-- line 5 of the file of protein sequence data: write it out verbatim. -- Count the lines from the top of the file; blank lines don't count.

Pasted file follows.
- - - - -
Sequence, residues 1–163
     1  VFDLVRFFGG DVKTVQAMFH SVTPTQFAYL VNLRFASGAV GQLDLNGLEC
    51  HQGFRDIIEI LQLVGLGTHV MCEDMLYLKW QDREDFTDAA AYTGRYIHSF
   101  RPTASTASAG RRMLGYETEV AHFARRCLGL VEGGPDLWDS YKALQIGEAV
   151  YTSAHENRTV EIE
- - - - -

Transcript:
   151  YTSAHENRTV EIE